Artist Interview: Martha Kroupa

Posted by Jenni Kirby - June 15 2021


“I got my first commission from my mom to paint the kitchen cabinets when I was 12. She was great at encouraging my creativity.” While Martha Kroupa was raised in an creative family, it was only after a 28 year career in the Coast Guard that she returned to the arts. “Now art has become a way for me to honor my mom.”


For Martha, she recalls “it was all by happenstance that I got into encaustic.” After a trip to Asheville, she was awestruck by the process while watching a local artist create encaustic pieces. She was initially drawn to the warm energy of the process, and its forgiving nature. “There are often happy accidents with what I create. You never know what will emerge.”


“I’m really inspired by nature - that’s where I spend most of my time. I love the birds out where I live in the country, we’ve really created a haven for them too.” After a while, Martha began to notice the different personalities of each bird - even identifying certain bird couples. “I started thinking more about what their lives were like from their point of view.” After a few practice rounds, she created her first blue bird encaustic and it took off from there.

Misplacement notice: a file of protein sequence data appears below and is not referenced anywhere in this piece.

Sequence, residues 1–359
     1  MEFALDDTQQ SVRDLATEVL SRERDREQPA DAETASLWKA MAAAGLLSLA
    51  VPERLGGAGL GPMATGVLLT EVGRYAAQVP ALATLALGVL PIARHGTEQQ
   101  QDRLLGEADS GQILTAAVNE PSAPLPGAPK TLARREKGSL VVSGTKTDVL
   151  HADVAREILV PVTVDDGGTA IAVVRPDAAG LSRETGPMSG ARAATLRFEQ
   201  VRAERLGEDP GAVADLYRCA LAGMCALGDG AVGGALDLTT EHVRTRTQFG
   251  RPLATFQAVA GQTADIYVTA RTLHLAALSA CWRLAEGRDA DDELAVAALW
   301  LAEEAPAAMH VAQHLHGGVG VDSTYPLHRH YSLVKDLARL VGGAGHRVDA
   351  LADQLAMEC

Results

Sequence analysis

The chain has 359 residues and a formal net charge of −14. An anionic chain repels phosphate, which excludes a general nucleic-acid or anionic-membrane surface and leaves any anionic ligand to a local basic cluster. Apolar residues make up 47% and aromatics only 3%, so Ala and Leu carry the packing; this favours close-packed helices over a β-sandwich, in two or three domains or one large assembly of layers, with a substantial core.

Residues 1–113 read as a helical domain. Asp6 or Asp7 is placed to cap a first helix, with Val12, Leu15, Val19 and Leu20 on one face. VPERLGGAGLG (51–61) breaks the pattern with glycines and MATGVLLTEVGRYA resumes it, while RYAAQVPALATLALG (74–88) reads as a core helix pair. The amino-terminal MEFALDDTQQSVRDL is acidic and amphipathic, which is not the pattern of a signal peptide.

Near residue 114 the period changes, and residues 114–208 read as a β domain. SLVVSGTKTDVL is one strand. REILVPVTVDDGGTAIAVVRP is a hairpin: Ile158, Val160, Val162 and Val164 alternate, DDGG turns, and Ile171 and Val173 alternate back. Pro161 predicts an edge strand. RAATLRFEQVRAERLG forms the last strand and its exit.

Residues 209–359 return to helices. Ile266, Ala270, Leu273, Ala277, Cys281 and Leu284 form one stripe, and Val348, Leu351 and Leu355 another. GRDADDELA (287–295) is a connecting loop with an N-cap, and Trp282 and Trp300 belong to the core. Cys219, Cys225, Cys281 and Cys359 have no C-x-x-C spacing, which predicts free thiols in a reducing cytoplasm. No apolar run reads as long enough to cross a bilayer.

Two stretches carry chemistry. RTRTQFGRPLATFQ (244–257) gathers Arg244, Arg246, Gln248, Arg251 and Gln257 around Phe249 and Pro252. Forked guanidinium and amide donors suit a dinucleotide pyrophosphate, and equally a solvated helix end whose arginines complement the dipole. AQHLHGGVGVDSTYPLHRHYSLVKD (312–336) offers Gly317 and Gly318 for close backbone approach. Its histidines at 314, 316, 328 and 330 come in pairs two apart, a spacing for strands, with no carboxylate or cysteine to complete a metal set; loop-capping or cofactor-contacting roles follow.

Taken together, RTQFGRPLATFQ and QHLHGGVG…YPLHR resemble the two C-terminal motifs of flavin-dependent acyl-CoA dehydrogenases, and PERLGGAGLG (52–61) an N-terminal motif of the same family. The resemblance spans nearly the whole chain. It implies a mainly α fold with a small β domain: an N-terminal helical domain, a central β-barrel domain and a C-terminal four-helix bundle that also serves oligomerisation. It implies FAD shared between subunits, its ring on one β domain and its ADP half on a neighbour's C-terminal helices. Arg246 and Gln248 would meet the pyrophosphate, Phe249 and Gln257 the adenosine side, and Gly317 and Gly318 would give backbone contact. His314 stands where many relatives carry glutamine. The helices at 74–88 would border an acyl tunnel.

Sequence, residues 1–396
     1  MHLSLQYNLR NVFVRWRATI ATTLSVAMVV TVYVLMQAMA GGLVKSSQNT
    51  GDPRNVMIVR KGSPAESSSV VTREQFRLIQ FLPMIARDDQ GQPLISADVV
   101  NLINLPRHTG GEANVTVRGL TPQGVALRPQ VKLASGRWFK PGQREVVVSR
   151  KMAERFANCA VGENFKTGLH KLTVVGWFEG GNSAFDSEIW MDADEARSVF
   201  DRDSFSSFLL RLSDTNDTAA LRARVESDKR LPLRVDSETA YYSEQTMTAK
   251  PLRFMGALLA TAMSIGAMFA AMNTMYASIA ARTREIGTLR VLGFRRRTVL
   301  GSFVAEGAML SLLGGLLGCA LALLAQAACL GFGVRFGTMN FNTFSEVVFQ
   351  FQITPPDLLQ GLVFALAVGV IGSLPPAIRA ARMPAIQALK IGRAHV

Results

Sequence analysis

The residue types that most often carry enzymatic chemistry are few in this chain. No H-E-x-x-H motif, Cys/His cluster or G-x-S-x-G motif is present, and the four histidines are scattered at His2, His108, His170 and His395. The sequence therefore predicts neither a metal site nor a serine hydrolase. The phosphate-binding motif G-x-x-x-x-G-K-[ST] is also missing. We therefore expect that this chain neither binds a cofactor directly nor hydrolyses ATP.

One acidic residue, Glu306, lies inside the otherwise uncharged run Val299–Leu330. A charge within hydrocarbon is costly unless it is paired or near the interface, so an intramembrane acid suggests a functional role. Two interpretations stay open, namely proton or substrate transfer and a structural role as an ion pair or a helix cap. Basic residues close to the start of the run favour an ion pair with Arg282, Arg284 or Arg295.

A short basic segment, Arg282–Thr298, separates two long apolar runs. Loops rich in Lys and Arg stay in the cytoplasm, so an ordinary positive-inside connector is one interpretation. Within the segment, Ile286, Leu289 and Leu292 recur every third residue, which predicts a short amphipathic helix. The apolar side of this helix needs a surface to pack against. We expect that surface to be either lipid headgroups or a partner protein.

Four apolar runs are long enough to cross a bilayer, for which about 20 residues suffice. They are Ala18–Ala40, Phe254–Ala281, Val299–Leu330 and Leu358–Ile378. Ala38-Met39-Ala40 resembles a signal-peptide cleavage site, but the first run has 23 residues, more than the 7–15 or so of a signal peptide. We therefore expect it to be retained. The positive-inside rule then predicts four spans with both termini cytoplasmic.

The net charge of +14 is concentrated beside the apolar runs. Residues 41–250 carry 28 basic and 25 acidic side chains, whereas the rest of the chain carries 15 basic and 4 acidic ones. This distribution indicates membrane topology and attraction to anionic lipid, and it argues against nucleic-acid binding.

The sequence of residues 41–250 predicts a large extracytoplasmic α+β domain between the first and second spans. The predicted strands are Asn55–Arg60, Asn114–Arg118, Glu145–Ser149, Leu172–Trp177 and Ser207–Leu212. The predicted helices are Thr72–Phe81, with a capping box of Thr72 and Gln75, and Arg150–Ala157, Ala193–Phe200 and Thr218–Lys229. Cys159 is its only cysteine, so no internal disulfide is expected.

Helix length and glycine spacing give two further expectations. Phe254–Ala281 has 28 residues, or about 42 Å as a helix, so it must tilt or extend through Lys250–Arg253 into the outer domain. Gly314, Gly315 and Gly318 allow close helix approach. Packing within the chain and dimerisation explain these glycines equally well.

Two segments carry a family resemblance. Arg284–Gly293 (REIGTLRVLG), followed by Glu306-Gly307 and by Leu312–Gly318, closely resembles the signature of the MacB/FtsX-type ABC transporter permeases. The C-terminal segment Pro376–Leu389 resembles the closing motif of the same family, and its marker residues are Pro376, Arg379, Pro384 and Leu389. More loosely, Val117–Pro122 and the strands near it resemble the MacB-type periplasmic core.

“The creative process begins with my wife, Brenda, helping to build my panels.” Once the panels are built, Martha will create a background, lay several coats of wax to let cure. She then begins painting the image or composition onto the wax. Sometimes this can take several days. After the painting is complete and dried, Martha will apply final top coats of wax. “Brenda and I have recently collaborated on some great collage work with pages of antique bird books or music sheets as the background - onto which I paint. Brenda then frames the pieces. She’s amazing! Working together and brainstorming is so fun.”


The possibilities with encaustic are endless, and Martha is just getting started. She is planning a new series based on her rescue donkeys, which have become quite the inspiration. Through every process, Martha says to “be present and just embrace your creativity and yourself. It allows for freedom of expression.”